Dr. Krop on the Impact of Recent Advances in Breast Cancer

Ian E. Krop, MD, PhD
Published: Thursday, Aug 30, 2018



Ian E. Krop, MD, PhD, chief, Breast Oncology, Susan F. Smith Center for Women’s Cancers, clinical research director, Breast Oncology Center, Dana-Farber Cancer Institute, associate professor of medicine, Harvard Medical School, discusses the impact of recent advances in breast cancer.

Receiving a cancer diagnosis is still very traumatic and disruptive to a patient, even if physicians can assure them their prognosis is bright. However, the progress that has been made in the last 5 to 10 years across all tumor types has been incredible, Krop says. With the rise of immunotherapy and targeted agents, diseases such as melanoma, renal cell carcinoma, and non–small cell lung cancer now have the effective treatments that did not exist less than a decade ago.

In breast cancer, the biggest advancement has been in the way oncologists can discuss personalized therapies with their patients and make sure the patients aren’t overtreated or undertreated. Improvements in genomic testing have also allowed patients to have a better outlook on their prognosis.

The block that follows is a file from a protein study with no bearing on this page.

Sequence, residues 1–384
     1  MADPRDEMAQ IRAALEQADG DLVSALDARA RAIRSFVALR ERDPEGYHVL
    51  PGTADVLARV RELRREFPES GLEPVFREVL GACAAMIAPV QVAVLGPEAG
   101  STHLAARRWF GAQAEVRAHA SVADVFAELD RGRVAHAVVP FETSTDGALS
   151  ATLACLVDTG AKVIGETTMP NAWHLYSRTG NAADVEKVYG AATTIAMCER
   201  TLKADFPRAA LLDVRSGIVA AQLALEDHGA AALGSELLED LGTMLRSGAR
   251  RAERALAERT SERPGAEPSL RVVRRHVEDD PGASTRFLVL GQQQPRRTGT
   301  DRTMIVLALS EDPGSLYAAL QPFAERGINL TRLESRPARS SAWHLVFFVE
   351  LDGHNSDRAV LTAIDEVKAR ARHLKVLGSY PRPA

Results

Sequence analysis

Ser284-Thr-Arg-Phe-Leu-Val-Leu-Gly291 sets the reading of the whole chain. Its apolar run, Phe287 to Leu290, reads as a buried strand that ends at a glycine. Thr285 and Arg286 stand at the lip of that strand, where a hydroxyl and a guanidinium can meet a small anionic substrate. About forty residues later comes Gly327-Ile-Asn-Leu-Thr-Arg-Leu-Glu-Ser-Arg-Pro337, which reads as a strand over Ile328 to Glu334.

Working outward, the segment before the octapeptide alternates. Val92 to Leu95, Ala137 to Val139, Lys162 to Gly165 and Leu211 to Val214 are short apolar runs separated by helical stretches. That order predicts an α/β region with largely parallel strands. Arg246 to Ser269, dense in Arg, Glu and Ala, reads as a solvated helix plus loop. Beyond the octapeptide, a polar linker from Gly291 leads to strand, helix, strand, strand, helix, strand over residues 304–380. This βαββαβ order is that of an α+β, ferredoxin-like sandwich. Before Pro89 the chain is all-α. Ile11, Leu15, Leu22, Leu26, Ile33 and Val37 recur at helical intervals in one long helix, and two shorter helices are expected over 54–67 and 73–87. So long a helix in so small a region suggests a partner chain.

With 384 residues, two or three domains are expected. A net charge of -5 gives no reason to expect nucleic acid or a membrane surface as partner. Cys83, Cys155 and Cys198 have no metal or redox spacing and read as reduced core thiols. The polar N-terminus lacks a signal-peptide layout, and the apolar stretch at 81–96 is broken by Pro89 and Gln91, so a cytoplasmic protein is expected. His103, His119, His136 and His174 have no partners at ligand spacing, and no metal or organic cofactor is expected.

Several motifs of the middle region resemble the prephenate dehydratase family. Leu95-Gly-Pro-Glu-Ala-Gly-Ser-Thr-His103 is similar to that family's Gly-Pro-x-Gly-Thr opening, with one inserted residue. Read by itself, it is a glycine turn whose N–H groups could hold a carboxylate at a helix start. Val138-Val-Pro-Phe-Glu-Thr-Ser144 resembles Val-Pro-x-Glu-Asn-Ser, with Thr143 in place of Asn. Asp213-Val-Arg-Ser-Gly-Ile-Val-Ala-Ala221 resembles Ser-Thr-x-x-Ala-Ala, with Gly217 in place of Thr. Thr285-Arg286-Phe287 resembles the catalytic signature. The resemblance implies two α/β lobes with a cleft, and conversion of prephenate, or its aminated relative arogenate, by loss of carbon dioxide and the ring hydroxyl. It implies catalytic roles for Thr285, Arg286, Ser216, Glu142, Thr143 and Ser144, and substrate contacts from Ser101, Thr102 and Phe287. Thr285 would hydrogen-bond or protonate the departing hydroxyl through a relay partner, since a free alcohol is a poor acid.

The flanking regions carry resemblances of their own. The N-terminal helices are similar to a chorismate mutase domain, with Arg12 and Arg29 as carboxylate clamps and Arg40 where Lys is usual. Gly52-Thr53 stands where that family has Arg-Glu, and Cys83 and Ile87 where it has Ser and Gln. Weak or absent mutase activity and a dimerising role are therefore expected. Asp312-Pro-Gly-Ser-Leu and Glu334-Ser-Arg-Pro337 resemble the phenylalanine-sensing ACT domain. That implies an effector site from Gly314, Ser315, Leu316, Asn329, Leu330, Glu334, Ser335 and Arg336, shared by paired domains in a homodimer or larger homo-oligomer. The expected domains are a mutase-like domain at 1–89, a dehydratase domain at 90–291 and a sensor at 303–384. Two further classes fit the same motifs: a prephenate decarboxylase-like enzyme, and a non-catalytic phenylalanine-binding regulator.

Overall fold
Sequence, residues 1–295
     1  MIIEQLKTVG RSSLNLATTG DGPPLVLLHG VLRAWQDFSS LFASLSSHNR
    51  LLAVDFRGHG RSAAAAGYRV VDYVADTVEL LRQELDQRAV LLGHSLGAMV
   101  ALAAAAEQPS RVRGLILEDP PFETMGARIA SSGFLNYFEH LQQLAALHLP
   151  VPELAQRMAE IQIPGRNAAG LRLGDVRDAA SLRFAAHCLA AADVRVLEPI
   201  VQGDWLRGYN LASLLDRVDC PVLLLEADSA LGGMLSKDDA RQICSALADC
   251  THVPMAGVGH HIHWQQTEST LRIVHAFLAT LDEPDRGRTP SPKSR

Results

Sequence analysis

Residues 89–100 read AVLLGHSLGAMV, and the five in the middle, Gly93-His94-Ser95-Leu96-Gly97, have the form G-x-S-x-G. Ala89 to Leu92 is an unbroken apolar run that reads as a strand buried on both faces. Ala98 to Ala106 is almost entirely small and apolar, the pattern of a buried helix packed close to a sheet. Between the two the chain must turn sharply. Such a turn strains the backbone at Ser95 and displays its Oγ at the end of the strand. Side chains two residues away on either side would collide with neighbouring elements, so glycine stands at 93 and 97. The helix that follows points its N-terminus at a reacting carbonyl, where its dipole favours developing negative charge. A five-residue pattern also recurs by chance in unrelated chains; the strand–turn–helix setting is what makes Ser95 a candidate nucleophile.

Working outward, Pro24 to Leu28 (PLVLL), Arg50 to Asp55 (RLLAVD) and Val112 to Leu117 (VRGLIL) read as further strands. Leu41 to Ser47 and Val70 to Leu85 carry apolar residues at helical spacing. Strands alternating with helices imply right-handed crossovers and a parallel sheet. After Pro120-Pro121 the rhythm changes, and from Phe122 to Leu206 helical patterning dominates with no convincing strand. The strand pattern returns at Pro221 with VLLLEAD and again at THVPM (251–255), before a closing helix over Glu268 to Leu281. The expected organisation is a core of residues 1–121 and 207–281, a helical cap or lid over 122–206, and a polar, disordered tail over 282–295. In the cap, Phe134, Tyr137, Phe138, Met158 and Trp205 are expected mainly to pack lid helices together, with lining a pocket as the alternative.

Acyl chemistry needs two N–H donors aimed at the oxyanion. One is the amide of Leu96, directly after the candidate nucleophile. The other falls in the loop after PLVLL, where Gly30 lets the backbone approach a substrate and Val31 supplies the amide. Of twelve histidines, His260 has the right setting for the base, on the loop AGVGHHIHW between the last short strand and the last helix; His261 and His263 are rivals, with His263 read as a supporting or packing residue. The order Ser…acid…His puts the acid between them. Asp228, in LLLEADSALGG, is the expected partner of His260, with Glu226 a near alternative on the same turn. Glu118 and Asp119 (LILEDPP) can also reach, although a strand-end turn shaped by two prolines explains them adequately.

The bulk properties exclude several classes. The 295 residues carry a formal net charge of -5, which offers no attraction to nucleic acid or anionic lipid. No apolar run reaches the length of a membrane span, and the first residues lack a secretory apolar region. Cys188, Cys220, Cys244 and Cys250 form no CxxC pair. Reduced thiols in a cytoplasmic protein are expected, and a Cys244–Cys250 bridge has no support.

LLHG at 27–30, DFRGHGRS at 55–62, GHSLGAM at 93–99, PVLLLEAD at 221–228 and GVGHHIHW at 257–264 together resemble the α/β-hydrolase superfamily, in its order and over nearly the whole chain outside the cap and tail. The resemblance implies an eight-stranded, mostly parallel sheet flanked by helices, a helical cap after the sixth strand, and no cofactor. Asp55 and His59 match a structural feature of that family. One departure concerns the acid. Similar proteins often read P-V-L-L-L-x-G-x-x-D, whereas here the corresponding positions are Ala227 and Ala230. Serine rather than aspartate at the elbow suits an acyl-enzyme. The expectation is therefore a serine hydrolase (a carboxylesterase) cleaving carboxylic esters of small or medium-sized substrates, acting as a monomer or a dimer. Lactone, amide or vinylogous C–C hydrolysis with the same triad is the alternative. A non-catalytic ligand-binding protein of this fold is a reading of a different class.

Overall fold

SELECTED
LANGUAGE


Ian E. Krop, MD, PhD, chief, Breast Oncology, Susan F. Smith Center for Women’s Cancers, clinical research director, Breast Oncology Center, Dana-Farber Cancer Institute, associate professor of medicine, Harvard Medical School, discusses the impact of recent advances in breast cancer.

Receiving a cancer diagnosis is still very traumatic and disruptive to a patient, even if physicians can assure them their prognosis is bright. However, the progress that has been made in the last 5 to 10 years across all tumor types has been incredible, Krop says. With the rise of immunotherapy and targeted agents, diseases such as melanoma, renal cell carcinoma, and non–small cell lung cancer now have the effective treatments that did not exist less than a decade ago.

In breast cancer, the biggest advancement has been in the way oncologists can discuss personalized therapies with their patients and make sure the patients aren’t overtreated or undertreated. Improvements in genomic testing have also allowed patients to have a better outlook on their prognosis.



View Conference Coverage
Online CME Activities
TitleExpiration DateCME Credits
Advances In™ Tumor Testing: Interpreting Genomic Profiles to Optimize Breast Cancer TreatmentJun 29, 20191.5
Oncology Briefings™: Current Perspectives on Preventing and Managing Tumor Lysis SyndromeJun 30, 20191.0
Publication Bottom Border
Border Publication
x